You can link to the article here.
The article highlights, among many other things, the case of Nujood Ali, the ten year old Yemeni girl who fought back. Here is the section in the article which deals with her particular case.
‘Yemeni society has no tradition of candor about sex, even among educated mothers and daughters. The reality of these marriages—the murmured understanding that some parents truly are willing to deliver their girls to grown men—was rarely talked about openly until three years ago, when ten-year-old Nujood Ali suddenly became the most famous anti-child-marriage rebel in the world. Among Yemenis the great surprise in the Nujood story was not that Nujood’s father had forced her to marry a man three times her age; nor that the man forced himself upon her the first night, despite supposed promises to wait until she was older, so that in the morning Nujood’s new mother- and sister-in-law examined the bloodied sheet approvingly before lifting her from bed to give her a bath. No. Nothing in those details was especially remarkable. The surprise was that Nujood fought back.
“Her case was, you know, the stone that disturbed the water,” says one of the Yemeni journalists who began writing about Nujood after she showed up alone one day in a courthouse in Sanaa. She had escaped her husband and come home. She had defied her father when he shouted at her that the family’s honor depended on her fulfilling her wifely obligations. Her own mother was too cowed to intervene. It was her father’s second wife who finally gave Nujood a blessing and taxi money and told her where to go, and when an astonished judge asked her what she was doing in the big city courthouse by herself, Nujood said she wanted a divorce. A prominent female Yemeni attorney took up Nujood’s case. News stories began appearing in English, first in Yemen and then internationally; both the headlines and Nujood herself were irresistible, and when she was finally granted her divorce, crowds in the Sanaa courthouse burst into applause.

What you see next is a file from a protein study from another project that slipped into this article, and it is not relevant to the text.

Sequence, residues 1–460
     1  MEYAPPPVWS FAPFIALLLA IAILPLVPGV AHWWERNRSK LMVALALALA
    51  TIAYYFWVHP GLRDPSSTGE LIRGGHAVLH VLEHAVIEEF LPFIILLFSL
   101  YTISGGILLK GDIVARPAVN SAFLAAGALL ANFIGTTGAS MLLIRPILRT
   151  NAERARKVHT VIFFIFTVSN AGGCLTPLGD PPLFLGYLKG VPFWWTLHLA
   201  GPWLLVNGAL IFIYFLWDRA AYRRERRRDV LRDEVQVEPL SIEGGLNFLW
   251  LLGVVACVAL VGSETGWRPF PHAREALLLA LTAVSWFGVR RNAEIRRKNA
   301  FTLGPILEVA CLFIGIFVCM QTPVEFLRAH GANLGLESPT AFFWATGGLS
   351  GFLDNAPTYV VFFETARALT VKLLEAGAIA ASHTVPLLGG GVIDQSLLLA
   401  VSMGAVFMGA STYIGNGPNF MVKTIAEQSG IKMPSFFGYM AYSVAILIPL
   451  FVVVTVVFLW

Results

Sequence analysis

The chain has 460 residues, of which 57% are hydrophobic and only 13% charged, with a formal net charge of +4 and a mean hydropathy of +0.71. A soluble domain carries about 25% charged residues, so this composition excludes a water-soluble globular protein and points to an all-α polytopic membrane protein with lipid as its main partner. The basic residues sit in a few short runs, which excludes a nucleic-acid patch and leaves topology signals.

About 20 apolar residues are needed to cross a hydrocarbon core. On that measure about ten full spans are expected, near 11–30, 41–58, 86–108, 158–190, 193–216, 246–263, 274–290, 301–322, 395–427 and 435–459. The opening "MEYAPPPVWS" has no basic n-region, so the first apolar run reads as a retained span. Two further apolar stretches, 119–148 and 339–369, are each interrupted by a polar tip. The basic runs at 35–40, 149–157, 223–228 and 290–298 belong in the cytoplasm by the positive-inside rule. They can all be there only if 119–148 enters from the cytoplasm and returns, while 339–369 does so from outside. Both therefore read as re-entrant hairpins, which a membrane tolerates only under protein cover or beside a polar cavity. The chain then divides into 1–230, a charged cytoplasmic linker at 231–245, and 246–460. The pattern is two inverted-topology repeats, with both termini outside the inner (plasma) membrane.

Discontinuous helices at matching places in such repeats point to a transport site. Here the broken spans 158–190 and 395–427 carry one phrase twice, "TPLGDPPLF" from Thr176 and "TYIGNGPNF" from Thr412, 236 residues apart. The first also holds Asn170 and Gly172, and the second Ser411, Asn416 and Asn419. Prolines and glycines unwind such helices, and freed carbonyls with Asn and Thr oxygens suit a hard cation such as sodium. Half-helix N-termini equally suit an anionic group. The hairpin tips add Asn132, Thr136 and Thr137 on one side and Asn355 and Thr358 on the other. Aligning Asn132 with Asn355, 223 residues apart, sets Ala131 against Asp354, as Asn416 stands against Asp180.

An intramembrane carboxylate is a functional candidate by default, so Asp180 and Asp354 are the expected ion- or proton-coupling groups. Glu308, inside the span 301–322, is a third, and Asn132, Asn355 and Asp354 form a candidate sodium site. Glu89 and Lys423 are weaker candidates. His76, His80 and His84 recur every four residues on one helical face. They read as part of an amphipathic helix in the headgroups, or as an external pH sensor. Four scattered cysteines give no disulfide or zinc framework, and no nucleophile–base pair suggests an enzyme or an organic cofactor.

Everyone Nujood met was bowled over by her unnerving combination of gravity and poise. When I met her in a Sanaa newspaper office, she was wearing a third-grader-size blackabaya, the full covering Yemeni women use in public after puberty. Even though she had now traveled across the Atlantic and back and been grilled by scores of inquisitive grown-ups, she was as sweet and direct as if my questions were brand-new to her. At lunch she snuggled in beside me as we sat on prayer mats and showed me how to dip my flat bread into the shared pot of stew. She said she was living at home again and attending school (her father, publicly excoriated, had grudgingly taken her back), and in her notebooks she was composing an open letter to Yemeni parents: “Don’t let your children get married. You’ll spoil their educations, and you’ll spoil their childhoods if you let them get married so young.” ‘